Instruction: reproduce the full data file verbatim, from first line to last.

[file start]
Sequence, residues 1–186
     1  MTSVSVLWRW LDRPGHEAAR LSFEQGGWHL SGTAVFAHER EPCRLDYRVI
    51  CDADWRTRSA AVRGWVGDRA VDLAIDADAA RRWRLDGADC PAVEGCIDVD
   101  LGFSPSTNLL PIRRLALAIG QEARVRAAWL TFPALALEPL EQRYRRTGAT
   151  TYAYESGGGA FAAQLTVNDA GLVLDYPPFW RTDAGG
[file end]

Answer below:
Sequence, residues 1–186
     1  MTSVSVLWRW LDRPGHEAAR LSFEQGGWHL SGTAVFAHER EPCRLDYRVI
    51  CDADWRTRSA AVRGWVGDRA VDLAIDADAA RRWRLDGADC PAVEGCIDVD
   101  LGFSPSTNLL PIRRLALAIG QEARVRAAWL TFPALALEPL EQRYRRTGAT
   151  TYAYESGGGA FAAQLTVNDA GLVLDYPPFW RTDAGG